Villa, gardens, art, culture and sport in more than a century of British tourism in West Liguria.
Literary tradition upholds that it was thanks to a novel – “Doctor Antonio” by the patriot and member of the Carbonary society Giovanni Ruffini, from Taggia, who whilst exiled in London published it in English in 1855 – that the English people discovered the tourist potentiality of the West of Liguria. Areas and cities such as Sanremo, Taggia, Capo Sant’Ampelio, Bordighera, La Mortola were not then known and revealed their extraordinary potentiality through Ruffini’s descriptions. Certainly, it was not only because of the novel: the 19th Century was marked by enormous changes in the English social and economic framework, so much so that it was the wealthy bourgeois and not the aristocrats who travelled to Liguria, more for business rather than cultural formation.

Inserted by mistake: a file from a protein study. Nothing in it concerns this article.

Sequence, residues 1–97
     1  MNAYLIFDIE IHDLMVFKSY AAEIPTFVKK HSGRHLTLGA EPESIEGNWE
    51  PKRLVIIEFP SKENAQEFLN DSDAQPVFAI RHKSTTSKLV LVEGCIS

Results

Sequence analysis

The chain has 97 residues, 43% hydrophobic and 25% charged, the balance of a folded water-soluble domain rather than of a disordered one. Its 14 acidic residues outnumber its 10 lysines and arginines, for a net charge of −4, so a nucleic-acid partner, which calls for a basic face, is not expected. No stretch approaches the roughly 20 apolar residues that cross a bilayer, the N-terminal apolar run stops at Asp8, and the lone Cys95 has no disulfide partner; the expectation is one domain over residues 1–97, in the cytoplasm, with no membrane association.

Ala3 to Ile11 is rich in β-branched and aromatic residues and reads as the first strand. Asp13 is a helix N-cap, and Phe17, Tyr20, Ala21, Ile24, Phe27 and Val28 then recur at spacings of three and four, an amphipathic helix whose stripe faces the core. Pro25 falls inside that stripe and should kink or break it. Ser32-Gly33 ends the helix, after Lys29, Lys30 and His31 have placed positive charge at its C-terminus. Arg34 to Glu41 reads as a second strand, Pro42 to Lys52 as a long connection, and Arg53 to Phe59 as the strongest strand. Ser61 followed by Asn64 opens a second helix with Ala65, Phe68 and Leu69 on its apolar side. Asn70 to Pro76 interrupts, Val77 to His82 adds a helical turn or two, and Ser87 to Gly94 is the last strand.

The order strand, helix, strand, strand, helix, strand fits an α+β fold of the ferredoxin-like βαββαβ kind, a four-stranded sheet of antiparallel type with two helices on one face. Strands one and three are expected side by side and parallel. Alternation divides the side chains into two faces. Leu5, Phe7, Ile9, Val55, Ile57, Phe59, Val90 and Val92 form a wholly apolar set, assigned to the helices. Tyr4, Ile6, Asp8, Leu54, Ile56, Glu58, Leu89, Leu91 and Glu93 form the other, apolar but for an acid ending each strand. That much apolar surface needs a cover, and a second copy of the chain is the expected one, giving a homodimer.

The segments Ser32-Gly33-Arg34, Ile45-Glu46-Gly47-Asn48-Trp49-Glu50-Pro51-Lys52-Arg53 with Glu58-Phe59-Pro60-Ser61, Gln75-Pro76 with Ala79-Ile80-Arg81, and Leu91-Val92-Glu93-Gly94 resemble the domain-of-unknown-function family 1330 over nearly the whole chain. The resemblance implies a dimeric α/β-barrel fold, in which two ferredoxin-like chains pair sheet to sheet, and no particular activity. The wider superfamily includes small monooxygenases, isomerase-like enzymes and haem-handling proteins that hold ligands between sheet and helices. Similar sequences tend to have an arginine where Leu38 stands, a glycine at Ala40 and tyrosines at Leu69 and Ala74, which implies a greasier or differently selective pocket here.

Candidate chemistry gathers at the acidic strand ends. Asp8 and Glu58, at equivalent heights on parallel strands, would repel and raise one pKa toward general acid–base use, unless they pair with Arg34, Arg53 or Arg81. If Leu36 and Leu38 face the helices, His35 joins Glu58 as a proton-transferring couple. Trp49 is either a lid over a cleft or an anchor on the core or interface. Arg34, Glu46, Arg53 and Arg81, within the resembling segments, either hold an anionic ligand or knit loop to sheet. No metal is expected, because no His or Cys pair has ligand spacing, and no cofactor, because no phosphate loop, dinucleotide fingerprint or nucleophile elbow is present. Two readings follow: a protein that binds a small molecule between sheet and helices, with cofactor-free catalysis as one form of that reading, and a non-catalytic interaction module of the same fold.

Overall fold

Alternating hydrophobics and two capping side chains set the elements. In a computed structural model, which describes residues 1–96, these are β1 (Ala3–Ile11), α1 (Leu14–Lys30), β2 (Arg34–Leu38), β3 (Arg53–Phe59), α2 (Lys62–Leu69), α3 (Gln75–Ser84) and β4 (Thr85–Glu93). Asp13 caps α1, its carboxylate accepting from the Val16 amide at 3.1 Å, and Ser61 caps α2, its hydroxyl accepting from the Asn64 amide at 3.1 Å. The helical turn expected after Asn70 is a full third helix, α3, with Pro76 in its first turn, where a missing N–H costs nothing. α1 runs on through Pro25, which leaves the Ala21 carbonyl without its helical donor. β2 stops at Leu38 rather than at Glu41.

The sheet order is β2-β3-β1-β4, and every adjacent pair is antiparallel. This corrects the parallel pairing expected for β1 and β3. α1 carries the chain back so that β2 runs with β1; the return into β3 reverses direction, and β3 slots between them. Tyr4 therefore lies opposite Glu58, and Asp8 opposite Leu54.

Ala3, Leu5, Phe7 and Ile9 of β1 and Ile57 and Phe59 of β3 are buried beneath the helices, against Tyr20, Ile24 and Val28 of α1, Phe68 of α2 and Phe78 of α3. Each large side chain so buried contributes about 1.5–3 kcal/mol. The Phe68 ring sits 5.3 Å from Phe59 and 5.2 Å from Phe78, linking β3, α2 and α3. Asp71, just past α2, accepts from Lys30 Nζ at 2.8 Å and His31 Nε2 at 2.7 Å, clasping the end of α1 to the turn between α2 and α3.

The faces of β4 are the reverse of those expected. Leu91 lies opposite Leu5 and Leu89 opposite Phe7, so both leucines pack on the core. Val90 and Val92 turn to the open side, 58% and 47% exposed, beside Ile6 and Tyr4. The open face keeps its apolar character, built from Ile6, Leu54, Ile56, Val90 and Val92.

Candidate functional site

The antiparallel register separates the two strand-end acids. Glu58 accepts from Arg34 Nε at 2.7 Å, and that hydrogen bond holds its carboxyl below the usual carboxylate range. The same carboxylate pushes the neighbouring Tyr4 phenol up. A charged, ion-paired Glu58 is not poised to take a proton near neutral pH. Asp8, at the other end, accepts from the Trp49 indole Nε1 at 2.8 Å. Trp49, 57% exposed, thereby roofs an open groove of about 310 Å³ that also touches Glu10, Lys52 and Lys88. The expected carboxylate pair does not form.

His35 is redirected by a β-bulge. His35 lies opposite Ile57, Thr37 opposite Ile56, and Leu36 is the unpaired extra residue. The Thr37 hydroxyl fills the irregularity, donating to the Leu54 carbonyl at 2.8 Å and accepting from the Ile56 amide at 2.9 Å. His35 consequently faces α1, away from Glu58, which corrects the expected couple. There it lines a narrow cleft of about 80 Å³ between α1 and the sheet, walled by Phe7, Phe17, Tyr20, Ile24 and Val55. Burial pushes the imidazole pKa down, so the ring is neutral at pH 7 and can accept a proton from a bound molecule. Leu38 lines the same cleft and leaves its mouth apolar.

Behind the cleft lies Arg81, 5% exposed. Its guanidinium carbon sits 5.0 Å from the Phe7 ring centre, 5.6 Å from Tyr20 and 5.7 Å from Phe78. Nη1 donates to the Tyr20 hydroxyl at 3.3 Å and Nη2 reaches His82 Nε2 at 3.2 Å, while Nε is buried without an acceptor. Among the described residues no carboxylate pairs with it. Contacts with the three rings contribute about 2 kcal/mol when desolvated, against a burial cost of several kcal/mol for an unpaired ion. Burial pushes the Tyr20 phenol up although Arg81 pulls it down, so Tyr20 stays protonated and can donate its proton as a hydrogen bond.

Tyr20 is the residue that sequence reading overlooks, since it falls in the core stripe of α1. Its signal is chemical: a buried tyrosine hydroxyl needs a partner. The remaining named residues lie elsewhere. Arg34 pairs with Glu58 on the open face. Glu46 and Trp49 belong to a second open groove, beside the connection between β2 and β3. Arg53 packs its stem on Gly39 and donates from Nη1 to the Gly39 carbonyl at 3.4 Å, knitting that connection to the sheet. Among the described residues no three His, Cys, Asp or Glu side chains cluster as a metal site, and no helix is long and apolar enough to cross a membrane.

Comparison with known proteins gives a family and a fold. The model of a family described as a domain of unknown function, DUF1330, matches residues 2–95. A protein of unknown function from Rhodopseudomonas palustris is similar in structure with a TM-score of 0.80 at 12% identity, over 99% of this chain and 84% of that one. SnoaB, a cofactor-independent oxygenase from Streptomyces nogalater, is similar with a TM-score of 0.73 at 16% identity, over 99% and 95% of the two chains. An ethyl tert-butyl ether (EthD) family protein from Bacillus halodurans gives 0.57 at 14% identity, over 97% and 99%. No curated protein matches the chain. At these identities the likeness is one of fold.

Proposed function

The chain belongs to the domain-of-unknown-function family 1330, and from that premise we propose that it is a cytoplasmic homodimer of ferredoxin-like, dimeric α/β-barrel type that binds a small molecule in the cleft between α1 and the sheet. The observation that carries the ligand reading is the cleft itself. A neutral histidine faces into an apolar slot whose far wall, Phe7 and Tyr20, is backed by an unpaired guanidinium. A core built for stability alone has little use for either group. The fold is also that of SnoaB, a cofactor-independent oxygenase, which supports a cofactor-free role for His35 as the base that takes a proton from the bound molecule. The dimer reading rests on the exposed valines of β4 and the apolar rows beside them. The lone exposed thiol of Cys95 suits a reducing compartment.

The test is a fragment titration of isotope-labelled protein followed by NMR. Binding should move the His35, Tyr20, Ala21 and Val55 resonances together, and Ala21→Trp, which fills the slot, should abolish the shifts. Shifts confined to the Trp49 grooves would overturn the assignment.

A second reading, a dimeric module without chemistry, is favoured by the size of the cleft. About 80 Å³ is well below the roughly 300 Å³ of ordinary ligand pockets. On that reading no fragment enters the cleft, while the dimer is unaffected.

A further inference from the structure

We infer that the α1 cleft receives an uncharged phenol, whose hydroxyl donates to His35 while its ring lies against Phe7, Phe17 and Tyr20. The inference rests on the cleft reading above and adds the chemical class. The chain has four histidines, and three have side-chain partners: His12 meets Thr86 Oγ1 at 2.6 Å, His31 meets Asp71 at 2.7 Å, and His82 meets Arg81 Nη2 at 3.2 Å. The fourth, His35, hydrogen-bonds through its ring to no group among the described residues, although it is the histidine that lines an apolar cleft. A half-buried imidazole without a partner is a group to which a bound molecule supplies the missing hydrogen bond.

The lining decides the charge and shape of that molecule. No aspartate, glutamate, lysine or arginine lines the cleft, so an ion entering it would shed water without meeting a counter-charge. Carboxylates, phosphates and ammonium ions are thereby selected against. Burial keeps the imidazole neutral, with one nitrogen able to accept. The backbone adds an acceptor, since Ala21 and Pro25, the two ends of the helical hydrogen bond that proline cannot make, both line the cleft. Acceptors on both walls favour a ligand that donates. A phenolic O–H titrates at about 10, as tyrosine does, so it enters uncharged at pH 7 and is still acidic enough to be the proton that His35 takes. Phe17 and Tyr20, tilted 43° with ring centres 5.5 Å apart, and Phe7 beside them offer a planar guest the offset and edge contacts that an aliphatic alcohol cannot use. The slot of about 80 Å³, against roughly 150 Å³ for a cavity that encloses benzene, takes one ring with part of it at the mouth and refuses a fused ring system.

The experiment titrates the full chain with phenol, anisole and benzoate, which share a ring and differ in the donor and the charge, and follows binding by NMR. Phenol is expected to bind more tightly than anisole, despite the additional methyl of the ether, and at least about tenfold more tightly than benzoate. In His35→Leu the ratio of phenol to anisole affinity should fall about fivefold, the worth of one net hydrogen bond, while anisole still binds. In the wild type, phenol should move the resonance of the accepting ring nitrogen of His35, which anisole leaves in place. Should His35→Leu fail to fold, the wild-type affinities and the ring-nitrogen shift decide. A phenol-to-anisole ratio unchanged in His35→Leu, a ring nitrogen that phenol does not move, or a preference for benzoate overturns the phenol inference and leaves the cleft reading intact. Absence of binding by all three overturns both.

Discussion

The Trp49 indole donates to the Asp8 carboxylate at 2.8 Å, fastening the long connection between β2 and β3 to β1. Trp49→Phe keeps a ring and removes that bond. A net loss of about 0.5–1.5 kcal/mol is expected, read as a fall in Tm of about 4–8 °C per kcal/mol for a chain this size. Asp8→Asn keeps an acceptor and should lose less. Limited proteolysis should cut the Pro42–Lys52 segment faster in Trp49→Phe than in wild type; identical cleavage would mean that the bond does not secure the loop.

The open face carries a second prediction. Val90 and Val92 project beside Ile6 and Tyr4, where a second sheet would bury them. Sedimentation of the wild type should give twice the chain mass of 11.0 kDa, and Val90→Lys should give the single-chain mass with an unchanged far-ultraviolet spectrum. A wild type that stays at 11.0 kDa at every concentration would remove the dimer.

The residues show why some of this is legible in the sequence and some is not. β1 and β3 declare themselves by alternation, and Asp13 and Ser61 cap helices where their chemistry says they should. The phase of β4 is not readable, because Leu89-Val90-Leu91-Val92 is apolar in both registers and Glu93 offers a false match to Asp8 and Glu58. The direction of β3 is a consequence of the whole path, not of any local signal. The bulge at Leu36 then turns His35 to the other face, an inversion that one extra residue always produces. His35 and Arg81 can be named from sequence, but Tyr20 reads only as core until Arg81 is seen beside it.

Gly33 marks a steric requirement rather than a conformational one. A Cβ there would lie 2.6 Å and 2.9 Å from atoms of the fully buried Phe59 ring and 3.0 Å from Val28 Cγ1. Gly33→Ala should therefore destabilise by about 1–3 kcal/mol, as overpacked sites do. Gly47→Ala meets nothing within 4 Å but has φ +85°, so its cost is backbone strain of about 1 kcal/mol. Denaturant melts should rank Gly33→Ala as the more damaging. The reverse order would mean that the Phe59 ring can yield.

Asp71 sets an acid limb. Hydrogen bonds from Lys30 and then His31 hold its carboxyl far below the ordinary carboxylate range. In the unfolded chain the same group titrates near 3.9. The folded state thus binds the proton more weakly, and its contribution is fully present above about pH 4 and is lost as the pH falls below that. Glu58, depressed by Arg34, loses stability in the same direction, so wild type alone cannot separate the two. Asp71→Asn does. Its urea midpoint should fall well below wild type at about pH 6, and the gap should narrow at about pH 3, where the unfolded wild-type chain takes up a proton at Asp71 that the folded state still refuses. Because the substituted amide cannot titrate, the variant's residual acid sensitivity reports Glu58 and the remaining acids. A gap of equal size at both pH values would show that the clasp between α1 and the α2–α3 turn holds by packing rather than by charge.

Crucial factors for the explosion of English tourism in Riviera were the increases in prices in the Côte d’Azur and the construction in 1864 of the London-Paris-Mediterranèe railway, later extended to Genoa.
As testified by the marvellous Villa Hanbury, visited from the end of the 19th Century by Queen Victoria herself, English tourism took into great consideration the natural riches of the West of Liguria. In fact, besides Sir Thomas Hanbury, many Englishmen began to be interested in botany and gardens, always respecting the environment and the landscape.
Years of wealth, culture and internationality: villas, gardens, churches, libraries, great hotels, tennis clubs (the first Italian tennis club was founded right in Bordighera), the Riviera of Flowers was loved and respected by the English people as a small natural treasure, which of course it was, and it acquired those British features which characterized its evolution and which are still present today.